Lounging around in airports mean that the once private, tranquil space for corporate travellers has generally become a thing of the past - more gripes from our disgruntled corporate traveller

4 June, 2020

As the world starts to get a grip on the coronavirus spread so discussions are already taking place between families and friends about where we'd travel to once it is safe to do so. It is generally agreed that domestic travel will be open much earlier than international but regardless of where we are flying to, there are some things that we really hope disappear along with Covid-19.

[perfectpullquote align="full" bordertop="false" cite="" link="" color="" class="" size=""]"How about making the air travel experience more comfortable and bringing back the golden days of flying, making its a pleasure to fly, with more space, better products and an all-round calmer experience."
The Blue Swan Daily[/perfectpullquote]

The Blue Swan Daily has solicited the views of a group of regular travellers to understand some of the gripes they have with air travel. Mr Victor A Forcenteain, our disgruntled corporate traveller, highlighted his initial gripes last month (May-2020).

Here, he returns with some more thoughts.

"My litany of complaints about the travel industry clearly touched a raw nerve with frequent flyers out there as a number got in touch. With more time to think and remember all the bad and worse times spent travelling, we all realise there is so much more wrong with the current system and long for some changes to be made.

"For instance, airline lounges. When will the airlines learn that these are supposed to be havens of quiet relaxation? Instead there are TV screens wherever you look with the sound turned down to an annoying buzz; absolutely nowhere to avoid them. And children playing video games with the sound on high while mummy and daddy have a wee drink.

"I've found myself frequently seeking out the quiet spaces, almost impossible I hear you cry. I was once in the Qantas business lounge in Sydney, obviously a while ago. It was busy. There was almost nowhere to sit unless you joined others.

"The screens had been turned up above the usual annoying buzz to a very annoying rumble that was still indecipherable. There were kids and adults, playing their video games and two loud, rather drunk, parties.

"After several attempts to find a quiet place I went to the reception desk to ask if there was anywhere quiet. The nice lady pointed to the children's play room behind me and suggested I should go in there 'because usually no-one uses it'.

"It's not a joke - it actually happened. I left the lounge and went to a coffee shop mezzanine downstairs where I was the only guest - and I could pass the time by watching the passing parade below. One can only hope that with social distancing requirements in the future these quiet lounges will have to improve, thank goodness.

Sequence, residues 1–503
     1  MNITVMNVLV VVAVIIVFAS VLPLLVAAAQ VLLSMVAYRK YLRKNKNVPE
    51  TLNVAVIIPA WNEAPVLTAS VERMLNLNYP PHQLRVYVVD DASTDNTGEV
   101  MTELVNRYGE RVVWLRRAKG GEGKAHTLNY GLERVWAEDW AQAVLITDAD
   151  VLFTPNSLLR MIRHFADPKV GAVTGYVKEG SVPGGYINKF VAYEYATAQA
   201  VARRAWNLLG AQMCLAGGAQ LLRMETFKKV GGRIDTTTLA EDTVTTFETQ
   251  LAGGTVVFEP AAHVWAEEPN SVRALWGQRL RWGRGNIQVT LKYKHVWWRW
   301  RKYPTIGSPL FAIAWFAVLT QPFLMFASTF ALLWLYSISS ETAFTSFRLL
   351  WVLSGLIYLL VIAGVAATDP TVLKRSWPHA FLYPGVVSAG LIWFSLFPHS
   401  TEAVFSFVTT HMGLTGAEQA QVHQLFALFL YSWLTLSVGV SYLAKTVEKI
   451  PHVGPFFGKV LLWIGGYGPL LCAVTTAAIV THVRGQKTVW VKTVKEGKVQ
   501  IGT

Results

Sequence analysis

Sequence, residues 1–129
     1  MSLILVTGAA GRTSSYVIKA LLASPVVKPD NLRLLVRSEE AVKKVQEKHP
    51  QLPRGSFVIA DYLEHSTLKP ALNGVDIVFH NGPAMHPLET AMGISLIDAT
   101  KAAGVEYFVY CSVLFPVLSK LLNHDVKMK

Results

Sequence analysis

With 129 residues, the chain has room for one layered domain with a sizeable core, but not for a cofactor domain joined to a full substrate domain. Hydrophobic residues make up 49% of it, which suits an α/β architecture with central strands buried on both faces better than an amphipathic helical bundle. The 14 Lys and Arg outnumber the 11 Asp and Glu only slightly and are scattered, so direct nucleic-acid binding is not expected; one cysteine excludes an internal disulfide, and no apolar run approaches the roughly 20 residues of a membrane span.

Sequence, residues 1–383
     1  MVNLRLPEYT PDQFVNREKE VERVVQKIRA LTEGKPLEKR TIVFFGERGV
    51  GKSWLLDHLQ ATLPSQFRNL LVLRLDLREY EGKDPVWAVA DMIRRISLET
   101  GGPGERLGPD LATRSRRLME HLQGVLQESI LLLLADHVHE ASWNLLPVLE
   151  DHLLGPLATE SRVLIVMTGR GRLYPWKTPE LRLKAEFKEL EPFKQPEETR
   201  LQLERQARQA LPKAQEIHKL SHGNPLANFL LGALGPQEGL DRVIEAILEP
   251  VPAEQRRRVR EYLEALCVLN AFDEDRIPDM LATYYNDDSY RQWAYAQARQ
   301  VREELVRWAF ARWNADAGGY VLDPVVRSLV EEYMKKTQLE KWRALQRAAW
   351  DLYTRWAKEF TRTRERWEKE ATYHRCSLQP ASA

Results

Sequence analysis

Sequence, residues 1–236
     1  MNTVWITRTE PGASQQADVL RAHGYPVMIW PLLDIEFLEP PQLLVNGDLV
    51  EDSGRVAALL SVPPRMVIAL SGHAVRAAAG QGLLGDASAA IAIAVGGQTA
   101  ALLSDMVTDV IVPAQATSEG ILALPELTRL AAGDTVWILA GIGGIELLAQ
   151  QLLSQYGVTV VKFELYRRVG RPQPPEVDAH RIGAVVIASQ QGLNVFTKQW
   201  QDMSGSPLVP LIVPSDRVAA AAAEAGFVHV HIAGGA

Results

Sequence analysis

"Then there are the hotel rooms. Why oh why can't hotel designers think about where to put plugs? They never seem to be located in a useful place. Most of us arrive with our phone batteries dying but is there a plug anywhere near the bed so we can connect and fall into an exhausted sleep? Of course not. The nearest is across the other side of the room which is great unless you need your phone for an alarm.

"Personally I prefer my own gentle phone alarm than the harsh hotel phone buzzing to wake me with an automated voice. And hotel clock radios are always unfathomable so I certainly wouldn't trust one of those to get me up on time.

"Then as my wife tells me what's the point in having a hair dryer if there's no plug near a mirror. Her need to have a nicely coiffed look means she has to give a burst of hot air and then move to the mirror to check she's not creating something more akin to Einstein. It doesn't lead to a happy start to the day, let me tell you.

"And don't get me started on mobile boarding cards which are definitely going to be essential in the future. These are absolutely great when they work. But so many airline apps don't work all of the time so you end up unable to check in or download the boarding card. This means having to go to the hotel's business centre, assuming they have one.

"Getting back on board is eagerly awaited by some of us. But please can those aisle hoggers just get a move on. How is it possible for them to take so long to sort out their luggage and sit down in their seat.

"Could they not sort out what they need for the flight in advance rather than spend endless minutes holding up the boarding process while they take items out of the bag before putting into the overhead locker.

"Is it the same group of people who are actually in a later boarding group but try to push forward to get on earlier? Their seat will not go without them so why do they need to feel the need to push in? There are some who think of themselves as 'elite' who also fall into this category.

"And those people who were unfortunately allocated a middle seat and decide to try it on by sitting next to the window or aisle. No, I am not going to swap with you, get back into your middle seat where you belong.

"And once onboard we get given a tiny bag of Pretzels. Does anyone really enjoy them? What is the point?"

Some further interesting observations. Do you share the same opinions? What annoys you most about the travel experience? What do you most want to change?

we are almost certainly going to have to spend more for flights in the future. How about making the experience more comfortable and bringing back the golden days of flying, making its a pleasure to fly, with more space, better products and an all-round calmer experience.

We would like to hear from you about those little (or big) things that annoy you about travel. Please share your own travel gripes via email with Victor A Forcenteain via The Blue Swan Daily Content Team and we will feature them in coming articles.